Ramadan: The Holy Month of Fasting

Muslims in my community and throughout the world are observing the month of Ramadan, the holy month of fasting. It is the 9th month of the Islamic Lunar Calendar and Muslims fast all day long- from sunrise to sunset. They abstain from eating, drinking, smoking, and all other physical wants and desires during the fast. This year, the fasting hours are especially long which makes it very challenging.

Why fast? Fasting is one of the five pillars of Islam. It is a time of self-restraint, reflection, self-discipline, and generosity. It is an act of obedience to God. Muslims believe that fasting is a time for atonement, forgiveness, and bringing the Ummah (the Muslim brotherhood & community) closer. Some see it as a spiritual as well as a physical cleansing. Muslims do not see fasting as a burden, but rather a blessing.

Who is exempt from fasting? Pregnant, breastfeeding, and menstruating women are exempt from fasting. Travelers, the sick, and those who are afflicted with mental illnesses are also exempt. Those with long-term and mental illnesses are not expected to make up the days they missed, but the others need to do so before the next Ramadan. Young children are not expected to fast.

How does a Muslim begin to discipline himself/herself to go an entire day without eating or drinking? My Muslim friends have a plan for this. Here’s what one couple did for their child: When he was about eight years old, they started to encourage him to wake up early to participate in the before sunrise meal and fast for just a couple of hours. Each year, they encouraged him to increase his fasting hours. By the time he was 15 years old, he was fasting the entire day.

The meals – The morning meal (before sunrise) is called the Suhoor and the evening meal (after sunset) is called the Iftar. This year, my friends in the U.S. wake up as early as 3:15 A.M to begin their day. Most eat a heavy meal, but that doesn’t last for the entire day. “Hunger pangs and a growling stomach increase toward the end of the day, but that is where the discipline of fasting comes in”, said one friend. She continued to say that the hunger helps her to understand the sufferings of the less fortunate and reminds her not to take for granted all that God has given her and her family.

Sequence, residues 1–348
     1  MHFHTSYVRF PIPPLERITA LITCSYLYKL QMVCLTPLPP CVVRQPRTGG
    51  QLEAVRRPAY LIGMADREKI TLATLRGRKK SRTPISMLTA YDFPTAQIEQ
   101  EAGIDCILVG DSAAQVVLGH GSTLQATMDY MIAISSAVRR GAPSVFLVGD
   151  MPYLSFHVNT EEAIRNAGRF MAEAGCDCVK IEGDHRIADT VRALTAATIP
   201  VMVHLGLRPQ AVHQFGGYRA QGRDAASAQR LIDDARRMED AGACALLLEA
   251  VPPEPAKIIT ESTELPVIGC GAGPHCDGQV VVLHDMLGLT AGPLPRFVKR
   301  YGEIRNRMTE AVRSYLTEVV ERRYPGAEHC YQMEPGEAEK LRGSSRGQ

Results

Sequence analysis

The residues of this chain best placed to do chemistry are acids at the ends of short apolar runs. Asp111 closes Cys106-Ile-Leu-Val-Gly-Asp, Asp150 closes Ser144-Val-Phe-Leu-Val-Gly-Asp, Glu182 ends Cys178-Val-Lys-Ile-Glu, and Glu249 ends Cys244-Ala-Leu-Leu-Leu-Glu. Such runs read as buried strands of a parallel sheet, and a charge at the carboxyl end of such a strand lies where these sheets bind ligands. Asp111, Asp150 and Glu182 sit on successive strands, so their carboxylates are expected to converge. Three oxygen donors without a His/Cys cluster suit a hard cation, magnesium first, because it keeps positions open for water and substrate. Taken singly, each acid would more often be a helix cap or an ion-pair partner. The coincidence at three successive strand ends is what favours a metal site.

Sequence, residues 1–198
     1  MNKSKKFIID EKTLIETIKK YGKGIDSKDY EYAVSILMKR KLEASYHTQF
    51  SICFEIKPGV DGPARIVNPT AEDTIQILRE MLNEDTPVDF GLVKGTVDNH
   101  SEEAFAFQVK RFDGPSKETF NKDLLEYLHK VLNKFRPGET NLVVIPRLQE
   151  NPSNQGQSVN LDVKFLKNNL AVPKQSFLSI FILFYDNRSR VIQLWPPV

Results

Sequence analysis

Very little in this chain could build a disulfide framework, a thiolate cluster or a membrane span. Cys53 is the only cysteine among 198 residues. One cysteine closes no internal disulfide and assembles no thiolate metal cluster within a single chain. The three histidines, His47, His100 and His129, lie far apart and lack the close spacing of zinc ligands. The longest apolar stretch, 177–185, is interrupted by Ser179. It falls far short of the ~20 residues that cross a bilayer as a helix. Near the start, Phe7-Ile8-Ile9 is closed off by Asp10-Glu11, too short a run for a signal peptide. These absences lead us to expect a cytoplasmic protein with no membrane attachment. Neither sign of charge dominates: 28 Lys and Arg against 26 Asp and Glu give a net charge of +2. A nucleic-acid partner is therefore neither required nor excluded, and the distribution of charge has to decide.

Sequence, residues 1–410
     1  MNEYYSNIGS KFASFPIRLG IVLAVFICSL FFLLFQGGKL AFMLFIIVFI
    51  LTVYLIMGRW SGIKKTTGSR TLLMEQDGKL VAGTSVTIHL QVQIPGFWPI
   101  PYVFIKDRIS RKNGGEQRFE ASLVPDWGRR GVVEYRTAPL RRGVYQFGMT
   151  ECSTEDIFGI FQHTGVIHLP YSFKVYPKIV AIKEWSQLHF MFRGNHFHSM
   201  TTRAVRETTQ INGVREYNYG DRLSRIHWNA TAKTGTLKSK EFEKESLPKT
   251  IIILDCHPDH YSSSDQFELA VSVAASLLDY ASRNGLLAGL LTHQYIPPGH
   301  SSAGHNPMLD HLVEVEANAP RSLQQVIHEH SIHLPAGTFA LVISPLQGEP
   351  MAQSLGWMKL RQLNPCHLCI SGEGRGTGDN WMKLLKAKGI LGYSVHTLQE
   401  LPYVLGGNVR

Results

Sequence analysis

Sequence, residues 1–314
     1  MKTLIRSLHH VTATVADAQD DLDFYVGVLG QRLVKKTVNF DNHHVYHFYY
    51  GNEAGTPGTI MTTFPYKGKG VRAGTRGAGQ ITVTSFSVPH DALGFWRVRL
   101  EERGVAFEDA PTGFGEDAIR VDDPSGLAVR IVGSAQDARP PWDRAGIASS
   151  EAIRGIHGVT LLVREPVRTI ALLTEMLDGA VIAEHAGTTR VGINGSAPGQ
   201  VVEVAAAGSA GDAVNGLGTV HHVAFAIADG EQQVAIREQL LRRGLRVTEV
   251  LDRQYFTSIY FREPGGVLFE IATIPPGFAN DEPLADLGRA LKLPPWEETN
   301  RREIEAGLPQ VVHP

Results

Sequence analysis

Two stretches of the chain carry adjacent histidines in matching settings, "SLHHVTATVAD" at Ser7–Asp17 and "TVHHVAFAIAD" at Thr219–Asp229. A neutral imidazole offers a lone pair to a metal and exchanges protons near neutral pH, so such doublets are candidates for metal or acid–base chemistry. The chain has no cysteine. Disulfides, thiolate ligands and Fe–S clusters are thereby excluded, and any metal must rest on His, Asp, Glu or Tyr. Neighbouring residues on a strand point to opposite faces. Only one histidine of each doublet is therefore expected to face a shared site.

Iftar can be a small family meal at home or at the Masjid (Mosque) with the congregation. The fast is usually broken with water and dates as Prophet Muhammed did during his time. This is followed by a delicious dinner! I have participated in Iftar with my friends several times and each time I was pleasantly surprised at the calmness of everyone as they went about serving each other. I get very impatient when I am hungry!

English: Iftar is a meal used to break fasting...

Iftar is a meal used to break fasting (Photo credit: Wikipedia)

The culmination of the fast – the month of Ramadan culminates with the observance of Eid. It is a special day of prayer and good times with family and friends. There is a certain excitement in the air, especially for the children as they exchange gifts and wear their new clothes. It’s a day of reflection on the blessed month and looking forward to the next year’s Ramadan.

Ramadan Mubarak!

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Behold the Golden Hour

The Weekly Photo Challenge Says: In photography, the “golden hour” is the first and last hour of sunlight of the day.

Although I know almost nothing about photography techniques, I don’t let that interfere with my enthusiasm for taking photographs. I love taking photos! This week, I want to share with you photos I have of the golden hour.

The two Manhattan sunset photos were taken while I was on the Circle Line Cruise in NYC.

The Miami sunrise photo was taken on the Rickenbacker Causeway one morning when I rolled out of bed for an early walk.

I caught the Miami sunset while I was driving. I stopped the car, got out, took the photo, and did not even cause any traffic issues.

Catching the golden hour

Catching the golden hour

 

A letter to my teachers

In 2007, I wrote a letter to my teachers at Zeeburg Secondary School for an alumni magazine. Unfortunately, the magazine did not take off and I did not pursue any other means of sending my letter. Last month, I attended an event celebrating the 50th year of Zeeburg Government Secondary School and I came back home inspired to find my letter written six years ago. I plan on sending out my blog link so my teachers can finally read this thank you letter.

Although many of my readers here do not know of my school, I am sure that you’ve got at least one teacher who made a lasting impression in your life. 

June 2007

My Teachers,